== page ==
What my father meant was that no matter how high you ascend, do not lose memory of from whence you came. His lesson to me is timely for African-Americans today.
In 2000, the presidential election saw the winner lose, and the loser win. Despite Vice President Al Gore receiving more popular votes than the incumbent, George Bush, the United States Supreme Court ruled on Dec. 12, 2000 that there is “no individually protected right to vote in the United States Constitution, and therefore, Florida state officials (Katherine Harris) had full authority to determine the presidential outcome. Harris just happened to be a campaign worker for George W. Bush and was appointed to the position of Florida Secretary of State by the candidate’s brother, Gov. Jeb Bush.
The ruling was devastating to electoral politics. If the stolen election of 2000 was bad enough, the same electoral crime occurred in 2004, only this time with crime tape around the precincts in the state of Ohio. An African-American secretary of state for Ohio, Kenneth Blackwell, cleverly pulled off the historic heist at high noon. Ohio’s offense was utilizing rigged voting machines and limiting voting machines in African-American precincts. Both the Florida and Ohio stolen elections should remind Black people that when the “referees” of a contest—whether in politics or on the playing field—wear just one of the team colors, objectivity is at least compromised, if not lost all together.
A somewhat brighter year occurred in 2006 when the expiring provisions of the Voting Rights Act of 1965 were renewed by Congress for 25 years and signed into law by the White House. The Rosa Parks, Coretta Scott King, and Fannie Lou Hamer voting rights legislation meant a lot to African-Americans due to its history. After all, Black people received their state right to vote in 1870. However, 95 years passed until the state right to vote was made constitutional by the Voting Rights Act of 1965, allowing all citizens—regardless of color—to exercise their right to vote. The renewal of federal voting rights protections marked a high point for Black people in the Bush administration, although massive demonstrations by Rainbow-PUSH and the NAACP were needed to apply national pressure for the Bush White House.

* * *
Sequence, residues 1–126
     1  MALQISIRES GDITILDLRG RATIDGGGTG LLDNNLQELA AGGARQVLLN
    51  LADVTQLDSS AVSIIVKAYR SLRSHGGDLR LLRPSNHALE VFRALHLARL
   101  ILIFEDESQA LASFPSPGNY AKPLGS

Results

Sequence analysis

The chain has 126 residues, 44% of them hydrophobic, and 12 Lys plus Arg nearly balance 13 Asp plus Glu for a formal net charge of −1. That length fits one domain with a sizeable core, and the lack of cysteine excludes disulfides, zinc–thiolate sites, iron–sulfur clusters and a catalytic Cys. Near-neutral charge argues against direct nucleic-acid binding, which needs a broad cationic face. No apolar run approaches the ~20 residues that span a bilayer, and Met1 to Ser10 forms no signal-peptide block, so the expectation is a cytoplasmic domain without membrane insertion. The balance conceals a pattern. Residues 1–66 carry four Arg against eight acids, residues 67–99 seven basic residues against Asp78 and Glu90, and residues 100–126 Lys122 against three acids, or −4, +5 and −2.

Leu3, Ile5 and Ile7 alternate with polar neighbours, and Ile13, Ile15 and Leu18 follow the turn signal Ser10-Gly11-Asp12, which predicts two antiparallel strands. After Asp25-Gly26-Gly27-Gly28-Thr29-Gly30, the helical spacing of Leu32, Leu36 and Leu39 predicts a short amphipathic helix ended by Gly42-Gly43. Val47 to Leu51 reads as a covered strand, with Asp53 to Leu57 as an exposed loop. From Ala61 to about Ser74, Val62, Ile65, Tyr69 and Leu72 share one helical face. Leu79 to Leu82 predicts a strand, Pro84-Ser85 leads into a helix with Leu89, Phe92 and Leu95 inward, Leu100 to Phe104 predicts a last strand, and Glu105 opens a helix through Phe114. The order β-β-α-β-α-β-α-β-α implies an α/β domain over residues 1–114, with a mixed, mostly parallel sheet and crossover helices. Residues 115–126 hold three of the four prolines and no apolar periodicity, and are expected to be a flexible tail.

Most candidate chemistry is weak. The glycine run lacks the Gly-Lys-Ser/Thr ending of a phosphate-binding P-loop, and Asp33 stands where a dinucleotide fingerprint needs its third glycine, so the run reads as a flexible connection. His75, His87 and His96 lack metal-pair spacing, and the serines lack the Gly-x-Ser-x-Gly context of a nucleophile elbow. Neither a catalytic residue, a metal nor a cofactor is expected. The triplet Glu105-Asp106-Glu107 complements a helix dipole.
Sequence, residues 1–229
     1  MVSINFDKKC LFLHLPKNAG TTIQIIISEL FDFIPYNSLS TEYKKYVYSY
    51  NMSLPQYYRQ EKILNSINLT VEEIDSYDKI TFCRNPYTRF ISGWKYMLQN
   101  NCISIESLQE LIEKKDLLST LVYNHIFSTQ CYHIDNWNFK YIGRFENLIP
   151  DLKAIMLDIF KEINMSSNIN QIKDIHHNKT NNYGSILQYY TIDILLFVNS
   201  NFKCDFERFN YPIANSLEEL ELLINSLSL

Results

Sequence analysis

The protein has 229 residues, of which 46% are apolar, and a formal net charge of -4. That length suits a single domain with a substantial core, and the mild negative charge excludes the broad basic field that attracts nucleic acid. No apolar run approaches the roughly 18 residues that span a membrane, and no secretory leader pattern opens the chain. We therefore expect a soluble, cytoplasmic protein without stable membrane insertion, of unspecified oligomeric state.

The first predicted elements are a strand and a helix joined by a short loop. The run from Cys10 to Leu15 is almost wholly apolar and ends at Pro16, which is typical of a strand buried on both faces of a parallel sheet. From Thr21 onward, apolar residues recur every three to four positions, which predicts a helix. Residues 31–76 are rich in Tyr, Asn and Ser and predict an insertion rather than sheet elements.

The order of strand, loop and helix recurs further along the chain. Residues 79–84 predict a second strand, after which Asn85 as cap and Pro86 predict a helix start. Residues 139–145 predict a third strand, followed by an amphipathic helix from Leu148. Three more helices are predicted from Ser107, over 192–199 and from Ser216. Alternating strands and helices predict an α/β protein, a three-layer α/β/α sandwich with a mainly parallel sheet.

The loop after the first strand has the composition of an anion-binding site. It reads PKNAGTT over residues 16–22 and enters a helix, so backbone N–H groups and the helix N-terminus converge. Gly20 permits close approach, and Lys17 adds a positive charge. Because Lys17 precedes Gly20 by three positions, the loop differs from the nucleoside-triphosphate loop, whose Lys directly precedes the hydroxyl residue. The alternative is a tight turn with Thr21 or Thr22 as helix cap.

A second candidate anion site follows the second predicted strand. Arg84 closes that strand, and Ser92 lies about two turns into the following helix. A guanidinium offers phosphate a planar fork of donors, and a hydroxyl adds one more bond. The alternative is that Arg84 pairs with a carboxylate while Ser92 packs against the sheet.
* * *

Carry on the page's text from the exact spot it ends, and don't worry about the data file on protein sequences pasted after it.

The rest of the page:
As Black people were losing lives in unjust and illegal foreign wars; losing jobs and homes in America; and losing faith in America, Barack Hussein Obama appeared out of the political fog to become the first African-American president of the United States. With his election, the tunes of James Weldon Johnson’s “Lift Ev’ry Voice and Sing” and McFadden and Whitehead’s “Ain’t No Stopping Us Now” became the harmonic scores for this historic election.
Celebratory pride lifted Black people to where we belonged—the mainstream of American politics. Yet, one year and after a legion of legislative initiatives by the Obama administration, Black people are beginning to move from celebration to mobilization around the pain of undelivered political promises. Most recently, apparent failed promise of a public option (or competition for private health insurance policies) in health care reform should remind us that if politicians do no respect our legislative concerns, they should not expect us on election day. While we began the year with electoral elation, we must move to awareness of accountability of people we elect. Democracy percolates upward; and does not trickle downward. In 2010, let’s begin to exercise our civic strength at the local, state, nation and international level.
(Gary L. Flowers is executive director and CEO of the Black Leadership Forum, Inc.)
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